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You don't usually come across a quality company that operates in two of the most promising sectors for the next two decades (or more), and that's a bargain, and has a great dividend reinvestment plan, observes Charles Carlson of DRIP Investor.

Technology and health care are two of the more attractive sectors for long-term investors. Agilent Technologies (A) gives you quality exposure to both industries.

The company provides measurement and testing equipment used in a host of industries, including communications, electronics, chemicals, and health care and life sciences. Profits are expected to reach a record this year, and the company’s long-term growth should exceed the growth rate of the overall economy.

Agilent shares have pulled back sharply in recent months, and are trading at a 21% discount to their 52-week high of $46.72. The price dip is providing an excellent entry point for investors who want a solid growth opportunity at a reasonable valuation.

Agilent provides testing and measurement instruments used in a variety of environments, from life sciences laboratories and wireless communications to chemical analysis and aerospace/defense. The company has broadened its product line via acquisitions in recent years, including the acquisition of Varian in 2010. Its most recent acquisition was the June 2012 purchase of cancer-diagnostics company Dako.

In addition to acquisitions, Agilent’s growth strategy hinges on creating cutting-edge products. To that end, the firm spends roughly 9% of annual sales on research and development.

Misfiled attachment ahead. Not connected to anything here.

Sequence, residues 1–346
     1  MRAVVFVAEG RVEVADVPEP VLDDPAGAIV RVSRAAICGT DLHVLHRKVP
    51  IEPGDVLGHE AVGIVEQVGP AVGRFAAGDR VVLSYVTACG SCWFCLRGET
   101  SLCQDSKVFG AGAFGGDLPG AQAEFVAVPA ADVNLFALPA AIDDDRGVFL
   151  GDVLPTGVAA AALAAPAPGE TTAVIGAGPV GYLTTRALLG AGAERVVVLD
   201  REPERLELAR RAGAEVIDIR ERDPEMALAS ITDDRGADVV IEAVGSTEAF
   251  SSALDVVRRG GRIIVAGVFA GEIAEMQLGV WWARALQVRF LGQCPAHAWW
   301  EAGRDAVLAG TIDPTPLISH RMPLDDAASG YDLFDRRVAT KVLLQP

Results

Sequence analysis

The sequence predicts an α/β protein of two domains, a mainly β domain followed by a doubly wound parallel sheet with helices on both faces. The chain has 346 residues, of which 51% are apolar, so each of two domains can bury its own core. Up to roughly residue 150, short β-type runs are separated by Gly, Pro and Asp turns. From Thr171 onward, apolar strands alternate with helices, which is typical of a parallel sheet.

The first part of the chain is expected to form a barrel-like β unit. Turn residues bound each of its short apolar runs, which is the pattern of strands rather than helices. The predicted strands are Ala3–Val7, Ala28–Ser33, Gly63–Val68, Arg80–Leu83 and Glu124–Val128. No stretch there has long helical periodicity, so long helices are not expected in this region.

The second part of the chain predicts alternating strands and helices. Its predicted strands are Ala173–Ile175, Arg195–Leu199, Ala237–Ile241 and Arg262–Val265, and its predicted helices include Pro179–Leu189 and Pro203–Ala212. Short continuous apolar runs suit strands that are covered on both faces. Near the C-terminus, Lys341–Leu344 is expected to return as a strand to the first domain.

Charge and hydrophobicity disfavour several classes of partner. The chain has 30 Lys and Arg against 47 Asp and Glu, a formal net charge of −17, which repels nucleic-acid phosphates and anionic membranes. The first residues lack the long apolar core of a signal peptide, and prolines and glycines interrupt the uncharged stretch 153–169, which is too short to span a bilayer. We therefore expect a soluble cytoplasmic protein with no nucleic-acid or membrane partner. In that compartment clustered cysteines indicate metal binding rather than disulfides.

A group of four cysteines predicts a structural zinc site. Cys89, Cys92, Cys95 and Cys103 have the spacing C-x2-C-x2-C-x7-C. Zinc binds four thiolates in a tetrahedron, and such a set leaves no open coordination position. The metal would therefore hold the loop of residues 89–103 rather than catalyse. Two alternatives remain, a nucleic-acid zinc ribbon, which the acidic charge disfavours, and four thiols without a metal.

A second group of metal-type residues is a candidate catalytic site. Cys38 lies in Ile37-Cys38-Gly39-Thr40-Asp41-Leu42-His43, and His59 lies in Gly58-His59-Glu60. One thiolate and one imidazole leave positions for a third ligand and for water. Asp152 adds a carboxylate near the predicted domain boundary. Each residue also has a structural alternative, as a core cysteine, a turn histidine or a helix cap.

Profit growth should be decent this year, with per-share profits for fiscal 2012 ending in October expected to rise 10%. Growth in fiscal 2013 should accelerate to 14%, paced by improving US economy.

The stock currently trades at 11 times the fiscal 2012 consensus earnings estimate of $3.24 per share and ten times the fiscal 2013 estimate of $3.71 per share. Those seem to be very reasonable earnings multiples for a company growing its bottom line at double-digit rates.

Profit growth should provide a nice boost to the dividend over time. Agilent initiated a quarterly dividend of 10 cents per share earlier this year, and I would expect dividends to grow 5% to 10% annually over the next five years.

Agilent stock has not behaved all that well over the last four months. Investors seem anxious about the US economy, and remember that Agilent had a particularly rough go of it in 2009, when the recession bit hard on testing firms.

However, I don’t expect the economy to slump into a 2009-like funk, and actually see economic activity accelerating a bit by year-end. That should dispel investors’ fears of a “double dip” recession and fuel better investor support for Agilent shares.

Downside seems limited to the $32 to $34 level. The stock traded in the mid-$50s in 2011, so there is plenty of upside.

Please note that Agilent recently initiated a direct-purchase plan. Any investor may buy the first share and every share directly from the company. Minimum initial investment is $500. Agilent will waive the minimum if an investor agrees to automatic monthly investment via electronic debit of a bank account of at least $50.

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